“I’ve realised I’m coming full circle”.
It’s important to me to shop locally. I was brought up on a council estate where there were lots of shops within walking distance. When I left my parents’ house to start work, there was only one corner shop and a bakery near my new home; and it felt as if something important was missing. So, when I bought my own home, I made a point of choosing somewhere I could shop for most things in the local vicinity.
Hebden Bridge is my nearest town, and it’s a ‘Fair Trade‘ town. I used to buy a lot of my clothes on the high street. But then I took out a subscription to Ethical Consumer magazine, and it made me much more aware of where things are from, how they’re made and the impact on the environment. And I started to realise that clothes have a social and environmental impact too.
Before I retired I enjoyed looking very smart at work. But my relationship with clothes has always been about style rather than fast fashion. I’ve got pieces from the 1970s which I still wear.
Now I buy nearly all my clothes from a local shop called Dynamite. The owner, Kate Grant, sources entirely from companies that are environmentally or socially responsible. This cardigan and shirt both came from there. The cardigan is by Komodo; it’s a complete favourite of mine. I like the fact that the wool is certified, and not from mulesed sources. My organic cotton shirt is by Patagonia.
My necklace was a gift from two close friends. Pounamu (New Zealand jade, otherwise known as Greenstone) is also known as the God Stone by indigenous Maori people in New Zealand. Fish hook design draws on the rich mythological and spiritual connection of Maori to the sea … first a tool for survival, latterly a talisman for journeys over the sea.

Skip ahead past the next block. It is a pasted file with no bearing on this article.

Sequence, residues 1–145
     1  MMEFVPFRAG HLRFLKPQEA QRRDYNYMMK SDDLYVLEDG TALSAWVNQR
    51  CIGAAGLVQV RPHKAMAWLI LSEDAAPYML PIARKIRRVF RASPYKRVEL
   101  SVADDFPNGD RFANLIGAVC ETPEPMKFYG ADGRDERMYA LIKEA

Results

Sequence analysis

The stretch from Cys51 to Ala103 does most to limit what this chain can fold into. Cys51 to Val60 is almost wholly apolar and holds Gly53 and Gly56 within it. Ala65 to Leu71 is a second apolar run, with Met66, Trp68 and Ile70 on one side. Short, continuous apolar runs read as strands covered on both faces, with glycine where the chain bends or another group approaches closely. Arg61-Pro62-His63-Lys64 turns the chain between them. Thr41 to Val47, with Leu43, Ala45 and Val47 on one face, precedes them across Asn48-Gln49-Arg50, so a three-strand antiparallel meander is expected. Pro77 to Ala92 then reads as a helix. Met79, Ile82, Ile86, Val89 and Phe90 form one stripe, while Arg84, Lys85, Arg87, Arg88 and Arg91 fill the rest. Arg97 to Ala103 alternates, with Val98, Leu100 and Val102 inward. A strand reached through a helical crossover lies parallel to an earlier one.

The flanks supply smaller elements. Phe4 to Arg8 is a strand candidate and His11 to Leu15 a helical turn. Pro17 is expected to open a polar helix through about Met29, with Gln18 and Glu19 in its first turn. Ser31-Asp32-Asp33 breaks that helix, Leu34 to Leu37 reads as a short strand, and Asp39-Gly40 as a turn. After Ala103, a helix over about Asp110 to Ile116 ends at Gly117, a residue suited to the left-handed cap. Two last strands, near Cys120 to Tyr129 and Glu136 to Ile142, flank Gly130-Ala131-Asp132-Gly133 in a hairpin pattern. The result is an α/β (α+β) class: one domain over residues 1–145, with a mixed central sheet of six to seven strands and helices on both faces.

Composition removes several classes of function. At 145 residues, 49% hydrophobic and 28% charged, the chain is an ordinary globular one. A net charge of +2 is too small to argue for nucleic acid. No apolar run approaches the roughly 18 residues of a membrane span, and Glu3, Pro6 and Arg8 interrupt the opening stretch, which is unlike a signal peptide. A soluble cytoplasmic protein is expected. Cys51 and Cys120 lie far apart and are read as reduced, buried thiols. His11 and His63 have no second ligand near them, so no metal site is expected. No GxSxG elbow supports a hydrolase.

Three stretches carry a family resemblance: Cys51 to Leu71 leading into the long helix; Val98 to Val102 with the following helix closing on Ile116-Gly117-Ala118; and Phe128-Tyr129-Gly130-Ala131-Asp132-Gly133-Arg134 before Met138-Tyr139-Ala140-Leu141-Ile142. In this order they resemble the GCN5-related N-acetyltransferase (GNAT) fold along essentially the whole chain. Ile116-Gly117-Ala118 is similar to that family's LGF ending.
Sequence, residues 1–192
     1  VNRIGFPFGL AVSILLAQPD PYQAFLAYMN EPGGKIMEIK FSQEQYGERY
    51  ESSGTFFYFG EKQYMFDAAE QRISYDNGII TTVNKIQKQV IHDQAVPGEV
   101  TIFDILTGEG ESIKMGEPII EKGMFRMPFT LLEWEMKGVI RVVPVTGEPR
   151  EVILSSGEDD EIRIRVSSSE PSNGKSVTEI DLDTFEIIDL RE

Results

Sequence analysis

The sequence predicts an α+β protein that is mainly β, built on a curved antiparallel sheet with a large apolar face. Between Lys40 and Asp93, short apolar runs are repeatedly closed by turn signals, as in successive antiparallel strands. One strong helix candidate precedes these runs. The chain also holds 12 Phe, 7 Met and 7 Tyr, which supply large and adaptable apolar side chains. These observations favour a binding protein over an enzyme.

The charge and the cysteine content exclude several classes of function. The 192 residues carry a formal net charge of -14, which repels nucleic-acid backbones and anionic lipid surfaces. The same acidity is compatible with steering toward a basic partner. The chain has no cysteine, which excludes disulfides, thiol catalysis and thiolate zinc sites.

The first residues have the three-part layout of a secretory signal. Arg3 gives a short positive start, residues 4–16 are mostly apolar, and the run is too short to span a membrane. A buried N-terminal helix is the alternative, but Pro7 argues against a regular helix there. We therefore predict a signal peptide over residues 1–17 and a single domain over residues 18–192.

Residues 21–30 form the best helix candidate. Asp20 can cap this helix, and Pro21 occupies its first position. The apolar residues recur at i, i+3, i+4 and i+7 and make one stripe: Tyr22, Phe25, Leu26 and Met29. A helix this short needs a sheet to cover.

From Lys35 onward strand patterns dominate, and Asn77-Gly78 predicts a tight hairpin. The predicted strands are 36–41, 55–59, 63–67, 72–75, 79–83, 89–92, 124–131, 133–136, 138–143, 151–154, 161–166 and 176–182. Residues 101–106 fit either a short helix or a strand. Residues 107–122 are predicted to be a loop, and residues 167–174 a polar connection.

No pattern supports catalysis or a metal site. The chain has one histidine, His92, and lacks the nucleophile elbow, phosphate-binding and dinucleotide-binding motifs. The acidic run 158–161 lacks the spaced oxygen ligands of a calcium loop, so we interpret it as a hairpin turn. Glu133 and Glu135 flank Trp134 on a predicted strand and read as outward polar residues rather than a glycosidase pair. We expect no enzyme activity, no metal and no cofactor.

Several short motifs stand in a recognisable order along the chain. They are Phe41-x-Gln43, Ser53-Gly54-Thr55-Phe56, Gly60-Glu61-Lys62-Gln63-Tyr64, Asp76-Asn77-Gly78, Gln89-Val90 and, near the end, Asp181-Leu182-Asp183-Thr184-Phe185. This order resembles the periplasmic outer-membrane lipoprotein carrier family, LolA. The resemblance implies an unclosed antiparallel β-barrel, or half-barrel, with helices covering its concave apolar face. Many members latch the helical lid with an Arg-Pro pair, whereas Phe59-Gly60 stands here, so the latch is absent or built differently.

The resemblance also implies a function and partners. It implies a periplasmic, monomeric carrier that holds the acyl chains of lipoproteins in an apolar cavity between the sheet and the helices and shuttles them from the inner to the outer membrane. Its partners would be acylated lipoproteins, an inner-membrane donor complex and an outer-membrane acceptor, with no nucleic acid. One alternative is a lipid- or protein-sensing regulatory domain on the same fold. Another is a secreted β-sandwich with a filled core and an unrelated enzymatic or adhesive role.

Maori people believe that pounamu carving absorbs some of the essence of the person wearing it. My friends both wore this fish hook design necklace next to their heart for 24 hours before gifting it to me, so it has a very special meaning for me.
My earring is also from New Zealand. It’s a miniature silver version of a kete basket. Kete were traditionally woven by Maori people from flax, and used to store food and other items. So a kete is a symbol of plenty.
I actually buy much less these days. I find as time goes on I need less and less. We were quite poor growing up and I learned to darn, sew and make my own clothes. Now I have the money to buy expensive things. But I’ve let a lot of beautiful stuff go, because it doesn’t mean the same to me any more.
I still don’t throw anything away; I use Freecycle to pass clothes, furniture and other stuff on to people who will value it. Thrift was forgotten by a generation. But everyone, including me, is much more aware of waste these days. I’ve realised I’m coming full circle.